Services 4 In the Bay Area, Dungeness crab season often coincides with the holidays and ends in early spring. Since my husband and I have been together, our Christmas dinner tradition is to have a crab feast. Often we will share two or three crabs with a number of dipping sauces, a fresh baguette, and Champagne. It’s not the most balanced meal, but it is so good!
My favorite sauce is the simplest one: a 50/50 combo of lemon juice and soy sauce. As an homage to my favorite dipping sauce, and in an effort to create a more balanced main dish that feeds more than two people, I developed this noodle dish.
Beware that you make more crab stock than you need for the recipe. Freeze and save the leftover stock for the next time a craving for crab noodles strikes (see Note). If you don’t want to make the crab stock yourself, you can substitute light chicken stock or dashi stock.
- 2 Dungeness crabs, cooked, cracked, and cleaned, or about 12 ounces jumbo lump crabmeat
- 1 large onion, halved
- 2 celery stalks, coarsely chopped
- 6 garlic cloves
- 6 dried chiles de árbol or other dried chiles
- 6 to 8 sprigs fresh thyme
- 2 bay leaves
- 1 teaspoon whole black peppercorns
- Kosher salt
- 1 teaspoon cornstarch
- 1 lemon
- 2 tablespoons soy sauce or tamari, plus more as desired
- 1 teaspoon sugar
- Chinese egg noodles, fresh or dried (see Note)
- 1 tablespoon toasted sesame oil
- 1 tablespoon grapeseed oil or other high-heat neutral oil (see this page)
- 1 teaspoon grated fresh ginger
- 4 scallions, finely chopped
- 1 fresh Thai chile, finely chopped
- ½ cup sliced water chestnuts
How To Make (Directions)
- Make the crab stock Separate the meat from the shells of the crabs and pick through it for any cartilage; put the meat in the refrigerator, covered. Put the shells in a large stockpot and add 12 cups water, the onion, celery, garlic, dried chiles, thyme, bay leaves, and peppercorns. Set the pot over high heat, bring to a boil, then reduce the heat to medium-low. Simmer for 90 minutes.
- Remove the pot from the heat and strain the crab stock. Discard all the solids. Taste the stock and season it with salt as desired. Reserve 1 cup for this recipe, and store the remaining stock in the freezer for the next time you make these noodles (let the stock cool first, then pack it in freezer-safe containers and store it in the freezer for up to 6 months).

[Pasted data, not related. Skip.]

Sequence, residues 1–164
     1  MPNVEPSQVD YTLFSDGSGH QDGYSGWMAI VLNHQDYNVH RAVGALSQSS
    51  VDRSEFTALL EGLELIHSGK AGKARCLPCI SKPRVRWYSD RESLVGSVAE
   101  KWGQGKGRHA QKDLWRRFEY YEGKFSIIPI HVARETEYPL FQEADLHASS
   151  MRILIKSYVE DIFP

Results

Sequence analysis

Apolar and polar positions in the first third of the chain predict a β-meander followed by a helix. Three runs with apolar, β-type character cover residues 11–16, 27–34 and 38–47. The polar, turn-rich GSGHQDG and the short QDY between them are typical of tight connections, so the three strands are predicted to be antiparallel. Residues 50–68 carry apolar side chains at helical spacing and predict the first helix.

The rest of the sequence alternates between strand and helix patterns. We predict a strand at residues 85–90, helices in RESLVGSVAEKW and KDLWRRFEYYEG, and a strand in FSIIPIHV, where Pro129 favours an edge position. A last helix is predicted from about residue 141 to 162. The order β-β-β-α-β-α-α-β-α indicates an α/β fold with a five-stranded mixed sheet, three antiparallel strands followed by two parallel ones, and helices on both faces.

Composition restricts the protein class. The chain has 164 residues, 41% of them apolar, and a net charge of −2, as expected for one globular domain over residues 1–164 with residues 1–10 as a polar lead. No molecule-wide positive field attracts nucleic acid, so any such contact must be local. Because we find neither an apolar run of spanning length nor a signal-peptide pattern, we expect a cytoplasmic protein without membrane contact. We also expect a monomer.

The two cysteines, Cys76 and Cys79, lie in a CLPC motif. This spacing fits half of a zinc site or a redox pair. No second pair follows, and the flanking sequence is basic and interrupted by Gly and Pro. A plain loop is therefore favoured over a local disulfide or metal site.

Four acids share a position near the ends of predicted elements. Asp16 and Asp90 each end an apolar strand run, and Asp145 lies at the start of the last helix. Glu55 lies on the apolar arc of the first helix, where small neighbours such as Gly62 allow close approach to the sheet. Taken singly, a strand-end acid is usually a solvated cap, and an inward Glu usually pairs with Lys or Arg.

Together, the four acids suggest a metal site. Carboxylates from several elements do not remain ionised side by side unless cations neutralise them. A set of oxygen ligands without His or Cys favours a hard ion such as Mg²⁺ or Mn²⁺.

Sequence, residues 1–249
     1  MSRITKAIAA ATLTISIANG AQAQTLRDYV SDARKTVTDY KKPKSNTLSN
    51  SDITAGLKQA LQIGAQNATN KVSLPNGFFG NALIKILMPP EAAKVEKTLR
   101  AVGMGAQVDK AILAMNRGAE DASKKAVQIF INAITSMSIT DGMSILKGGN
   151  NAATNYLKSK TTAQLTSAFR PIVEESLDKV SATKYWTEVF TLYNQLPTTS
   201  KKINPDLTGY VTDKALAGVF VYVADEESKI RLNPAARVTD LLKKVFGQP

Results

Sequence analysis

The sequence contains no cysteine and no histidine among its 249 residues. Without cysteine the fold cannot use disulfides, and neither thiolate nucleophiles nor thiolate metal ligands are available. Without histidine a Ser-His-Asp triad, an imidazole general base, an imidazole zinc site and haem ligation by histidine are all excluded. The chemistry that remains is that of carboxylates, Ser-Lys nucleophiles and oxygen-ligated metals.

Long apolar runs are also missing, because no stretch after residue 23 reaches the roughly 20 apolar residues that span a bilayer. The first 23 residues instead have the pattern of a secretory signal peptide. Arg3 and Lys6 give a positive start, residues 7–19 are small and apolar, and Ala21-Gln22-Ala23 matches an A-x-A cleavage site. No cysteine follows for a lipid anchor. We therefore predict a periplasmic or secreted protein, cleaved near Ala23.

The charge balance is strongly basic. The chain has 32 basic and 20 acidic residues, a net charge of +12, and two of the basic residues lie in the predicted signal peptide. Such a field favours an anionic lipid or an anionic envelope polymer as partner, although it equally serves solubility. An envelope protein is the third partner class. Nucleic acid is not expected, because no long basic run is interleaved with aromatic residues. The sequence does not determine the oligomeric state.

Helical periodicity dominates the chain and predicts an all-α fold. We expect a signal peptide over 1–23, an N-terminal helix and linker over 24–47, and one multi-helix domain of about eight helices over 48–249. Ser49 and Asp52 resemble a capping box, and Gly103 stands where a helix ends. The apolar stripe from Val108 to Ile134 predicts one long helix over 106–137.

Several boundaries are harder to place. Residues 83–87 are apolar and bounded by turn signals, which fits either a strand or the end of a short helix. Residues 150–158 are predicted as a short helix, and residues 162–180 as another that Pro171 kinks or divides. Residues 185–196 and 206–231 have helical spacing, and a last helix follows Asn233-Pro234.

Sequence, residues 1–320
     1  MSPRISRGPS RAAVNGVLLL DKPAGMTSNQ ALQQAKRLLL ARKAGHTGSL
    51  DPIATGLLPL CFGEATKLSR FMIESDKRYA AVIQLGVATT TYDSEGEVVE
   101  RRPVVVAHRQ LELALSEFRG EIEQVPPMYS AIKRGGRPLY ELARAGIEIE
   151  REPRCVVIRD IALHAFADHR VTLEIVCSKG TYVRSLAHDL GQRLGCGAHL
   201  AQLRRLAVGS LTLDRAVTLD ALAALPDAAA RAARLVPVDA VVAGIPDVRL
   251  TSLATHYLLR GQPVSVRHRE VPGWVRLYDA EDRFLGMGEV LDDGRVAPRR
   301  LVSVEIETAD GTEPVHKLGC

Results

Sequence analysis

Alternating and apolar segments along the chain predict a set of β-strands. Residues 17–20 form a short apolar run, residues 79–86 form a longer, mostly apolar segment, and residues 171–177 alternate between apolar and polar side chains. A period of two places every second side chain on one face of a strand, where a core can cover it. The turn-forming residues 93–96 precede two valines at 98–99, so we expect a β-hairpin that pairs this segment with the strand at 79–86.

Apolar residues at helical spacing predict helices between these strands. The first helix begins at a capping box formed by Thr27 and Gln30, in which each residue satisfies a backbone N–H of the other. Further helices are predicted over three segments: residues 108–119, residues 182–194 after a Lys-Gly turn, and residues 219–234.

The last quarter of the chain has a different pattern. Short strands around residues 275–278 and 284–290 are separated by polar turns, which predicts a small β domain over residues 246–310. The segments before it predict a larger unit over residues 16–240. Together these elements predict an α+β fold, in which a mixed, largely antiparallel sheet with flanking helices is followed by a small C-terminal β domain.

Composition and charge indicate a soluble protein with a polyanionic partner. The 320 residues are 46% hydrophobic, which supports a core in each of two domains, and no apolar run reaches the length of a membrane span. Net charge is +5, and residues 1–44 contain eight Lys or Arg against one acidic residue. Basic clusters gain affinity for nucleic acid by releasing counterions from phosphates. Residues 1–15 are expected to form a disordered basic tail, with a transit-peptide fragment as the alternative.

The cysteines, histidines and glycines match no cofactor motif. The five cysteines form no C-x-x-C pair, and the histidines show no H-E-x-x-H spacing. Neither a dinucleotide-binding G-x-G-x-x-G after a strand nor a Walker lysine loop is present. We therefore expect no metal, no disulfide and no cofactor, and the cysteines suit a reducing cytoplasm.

- Prepare the stir-fry sauce In a small bowl, whisk 1 tablespoon of the crab stock with the cornstarch until smooth.
- Using a vegetable peeler, remove the lemon zest in strips, being careful to avoid the bitter white pith. (Reserve the peeled lemon for serving.) In a small saucepan, combine the lemon zest, remaining reserved crab stock, soy sauce, and sugar. Bring to a boil over medium-high heat, then reduce the heat to medium-low. Simmer to allow the flavors to infuse the stock, 20 minutes. Add the cornstarch mixture and simmer until the sauce has thickened slightly, 2 minutes. Taste and season with more soy sauce as desired. Remove from the heat.
- Cook the egg noodles to al dente according to the package directions. Drain the noodles and toss them with the sesame oil. Using clean kitchen shears, cut the noodles a few times to shorten them so that they won’t get too tangled during stir-frying.
- Heat a cast-iron pan or a wok over medium-high heat. Add the grapeseed oil, ginger, half the scallions, and the fresh chile. Cook, stirring often to avoid burning, for 1 minute. Add the noodles and stir-fry until they are coated in and have absorbed some of the oil, 1 to 2 minutes. A little browning of the noodles is okay, but avoid burning the aromatics. Add the reserved crabmeat, the stir-fry sauce, remaining scallions, and water chestnuts. Toss and stir-fry until the crab is heated through, 1 to 2 minutes.
- Divide the noodles among four bowls, squeeze a little of the reserved lemon over them, and serve immediately.
To simplify this noodle dish, make the crab stock in advance and freeze it. It will keep for 6 months. If you make a dish with fresh crab, save the shells in a plastic zip-top bag in the freezer until you’re ready to make the stock.
Fresh Chinese egg noodles are much better than the version that we see in little dried bricks. In better grocery stores, you can find them in the refrigerated section.
Otherwise, I like to make a trip to an Asian market, stock up on good-quality noodles, and store them in my freezer. No need to defrost before cooking; just cook them for 30 to 60 seconds longer than you normally would.